Apple's new iPhone 7 will not have a headphone jack, and so people who want to avoid holding their phones up to their ears must now rely on Bluetooth ear buds. It turns out that there is no evidence that Bluetooth does any harm. In addition, there are no plausible physics mechanisms by which Bluetooth could cause damage to a person's cells, said John Moulder, a professor emeritus and radiation biologist at Medical College of Wisconsin in Milwaukee.

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Apple of My Eye: Handheld Device Tells You If Fruit Is Ripe

Scientists at MIT have developed a handheld device that can evaluate how ripe an apple is by measuring the glow of chlorophyll in the fruit's skin under ultraviolet light. "There's a tremendous amount of wastage," said Anshuman Das, a postdoctoral researcher in MIT's Media Lab and lead author of a new paper describing the invention. One solution could be to analyze apples using a spectrometer, which measures the brightness of light at specific wavelengths.


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10 Percent of the World's Wilderness Has Been Lost Since 1990s

Wilderness areas around the world have experienced catastrophic declines over the last two decades, with one-tenth of global wilderness lost since the 1990s, according to a new study. Since 1993, researchers found that a cumulative wilderness area twice the size of Alaska and half the size of the Amazon has been stripped and destroyed. The shrinking wilderness is due, in part, to human activity such as mining, logging, agriculture, and oil and gas exploration.


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New Tech Could Read Books Without Opening Them

The new system relies on how different chemicals absorb different frequencies of terahertz radiation to varying degrees, the scientists said. It might even be possible for spies to use this technology to peer through envelopes.


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The Science Behind the Samsung Galaxy Note 7's Battery Fires

The Samsung Galaxy Note 7 is suffering the same fate as countless hoverboards — there are reports that some phones have been bursting into flames, prompting Samsung is issue a recall and the U.S. Federal Aviation Administration to strongly discourage passengers from carrying the device on planes, news sources report. The answer has to do with its lithium-ion battery, a common power source that isn't just used in cellphones but also in computers, power tools and toys. Lithium, the third element on the period table, is a silver-white metal that can catch fire when exposed to oxygen or water, Lloyd Gordon, the chief electrical safety officer at Los Alamos National Laboratory in New Mexico, told Live Science last year.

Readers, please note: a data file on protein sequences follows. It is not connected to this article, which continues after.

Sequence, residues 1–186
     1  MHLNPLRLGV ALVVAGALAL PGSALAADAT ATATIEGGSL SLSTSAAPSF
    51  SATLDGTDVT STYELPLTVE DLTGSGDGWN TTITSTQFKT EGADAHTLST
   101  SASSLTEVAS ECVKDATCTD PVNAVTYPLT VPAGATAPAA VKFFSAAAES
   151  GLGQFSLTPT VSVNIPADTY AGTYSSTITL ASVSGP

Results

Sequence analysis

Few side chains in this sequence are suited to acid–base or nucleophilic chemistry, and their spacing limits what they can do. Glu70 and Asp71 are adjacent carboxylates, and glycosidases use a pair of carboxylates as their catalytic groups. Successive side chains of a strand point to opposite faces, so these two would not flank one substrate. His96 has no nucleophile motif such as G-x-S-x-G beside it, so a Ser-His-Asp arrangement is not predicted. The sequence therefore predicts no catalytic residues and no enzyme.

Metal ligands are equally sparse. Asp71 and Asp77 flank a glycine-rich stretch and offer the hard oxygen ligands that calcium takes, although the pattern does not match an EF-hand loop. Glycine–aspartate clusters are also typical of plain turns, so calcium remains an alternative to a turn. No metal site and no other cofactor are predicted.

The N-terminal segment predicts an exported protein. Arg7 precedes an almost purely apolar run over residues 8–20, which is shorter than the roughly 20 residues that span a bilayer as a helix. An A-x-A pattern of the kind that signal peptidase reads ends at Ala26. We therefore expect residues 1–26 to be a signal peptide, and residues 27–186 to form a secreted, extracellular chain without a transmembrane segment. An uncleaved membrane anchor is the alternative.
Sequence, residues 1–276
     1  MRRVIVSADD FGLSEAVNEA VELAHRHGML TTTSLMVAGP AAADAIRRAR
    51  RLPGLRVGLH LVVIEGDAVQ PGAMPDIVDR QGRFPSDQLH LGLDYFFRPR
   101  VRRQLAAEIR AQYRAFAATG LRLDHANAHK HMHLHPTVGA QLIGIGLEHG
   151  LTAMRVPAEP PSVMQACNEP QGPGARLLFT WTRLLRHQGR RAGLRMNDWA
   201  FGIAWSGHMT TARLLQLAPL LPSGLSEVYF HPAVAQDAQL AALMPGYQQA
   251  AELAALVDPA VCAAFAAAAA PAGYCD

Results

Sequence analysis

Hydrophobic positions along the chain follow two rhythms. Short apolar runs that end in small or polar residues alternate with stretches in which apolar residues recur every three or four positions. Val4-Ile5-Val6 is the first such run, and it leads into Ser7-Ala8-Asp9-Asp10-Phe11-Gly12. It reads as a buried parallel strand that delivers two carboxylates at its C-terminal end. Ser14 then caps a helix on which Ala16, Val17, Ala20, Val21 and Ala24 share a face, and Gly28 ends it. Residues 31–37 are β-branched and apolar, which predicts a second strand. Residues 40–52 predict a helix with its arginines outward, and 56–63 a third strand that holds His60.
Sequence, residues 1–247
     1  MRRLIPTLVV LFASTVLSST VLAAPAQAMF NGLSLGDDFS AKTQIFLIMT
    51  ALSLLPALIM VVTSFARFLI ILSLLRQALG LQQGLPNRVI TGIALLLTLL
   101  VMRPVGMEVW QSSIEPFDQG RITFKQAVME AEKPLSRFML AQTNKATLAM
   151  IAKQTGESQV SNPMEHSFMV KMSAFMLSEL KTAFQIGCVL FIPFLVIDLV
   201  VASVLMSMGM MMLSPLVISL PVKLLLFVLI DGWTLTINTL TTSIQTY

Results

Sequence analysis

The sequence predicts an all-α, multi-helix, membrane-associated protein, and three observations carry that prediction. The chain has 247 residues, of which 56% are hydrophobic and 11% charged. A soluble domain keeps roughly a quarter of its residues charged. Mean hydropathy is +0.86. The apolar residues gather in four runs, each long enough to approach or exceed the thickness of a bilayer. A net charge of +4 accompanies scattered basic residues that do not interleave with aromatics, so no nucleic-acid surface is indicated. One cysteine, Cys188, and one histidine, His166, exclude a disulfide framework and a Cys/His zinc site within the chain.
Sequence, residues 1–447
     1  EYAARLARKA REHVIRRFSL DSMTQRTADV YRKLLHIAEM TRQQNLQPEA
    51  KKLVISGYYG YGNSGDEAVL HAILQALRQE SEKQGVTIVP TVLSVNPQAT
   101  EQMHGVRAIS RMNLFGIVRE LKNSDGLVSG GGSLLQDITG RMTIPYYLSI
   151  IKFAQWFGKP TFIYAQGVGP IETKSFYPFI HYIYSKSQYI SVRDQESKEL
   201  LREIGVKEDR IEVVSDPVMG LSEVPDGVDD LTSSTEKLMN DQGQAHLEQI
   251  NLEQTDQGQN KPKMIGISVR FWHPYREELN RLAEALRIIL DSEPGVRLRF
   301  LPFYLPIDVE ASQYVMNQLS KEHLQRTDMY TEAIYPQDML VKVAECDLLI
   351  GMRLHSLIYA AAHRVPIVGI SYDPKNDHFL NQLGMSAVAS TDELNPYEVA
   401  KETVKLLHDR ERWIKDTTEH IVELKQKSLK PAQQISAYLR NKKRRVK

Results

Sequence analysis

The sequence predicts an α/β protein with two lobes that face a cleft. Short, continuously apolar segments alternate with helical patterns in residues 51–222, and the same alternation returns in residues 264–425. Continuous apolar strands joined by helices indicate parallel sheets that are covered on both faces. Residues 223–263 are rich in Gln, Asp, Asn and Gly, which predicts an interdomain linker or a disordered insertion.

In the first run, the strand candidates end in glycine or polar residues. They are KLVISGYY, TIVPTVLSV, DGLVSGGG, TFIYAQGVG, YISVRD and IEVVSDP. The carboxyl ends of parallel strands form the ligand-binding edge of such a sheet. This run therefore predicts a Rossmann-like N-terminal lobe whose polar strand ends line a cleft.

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Stunning Before and After Space Pics Reveal Massive Ice Avalanche

One of the world's largest, and most mysterious ice avalanches was recently visualized in stunning pictures from space. When the ice and rock settled, the avalanche debris spanned 4 square miles (10 square km) and was 98 feet (30 m) thick. The massive avalanche killed nine people, 350 sheep and 110 yaks that lived in the village of Dungru.


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Dark Matter Just Got Murkier

The most recent contribution to our knowledge of dark matter was made by the Large Underground Xenon (LUX) collaboration. It is designed to occasionally detect the vaporous wind of dark matter that is thought to waft through the solar system. Dark matter is an answer to a nearly century-old problem.


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The Heat Is On: Search Begins for 'Alien' Life Beneath Earth

The public can also take part in an online contest to guess the hottest temperature at which life can exist. On Sept. 12, scientists are heading out for a 60-day quest aboard the state-of-the-art Japanese drilling vessel Chikyu to the Nankai Trough, about 75 miles (120 kilometers) off the coast of Japan. The ocean is about 2.9 miles (4.7 km) deep there, and the expedition will drill down 0.75 miles (1.2 km) beneath the seafloor to collect samples.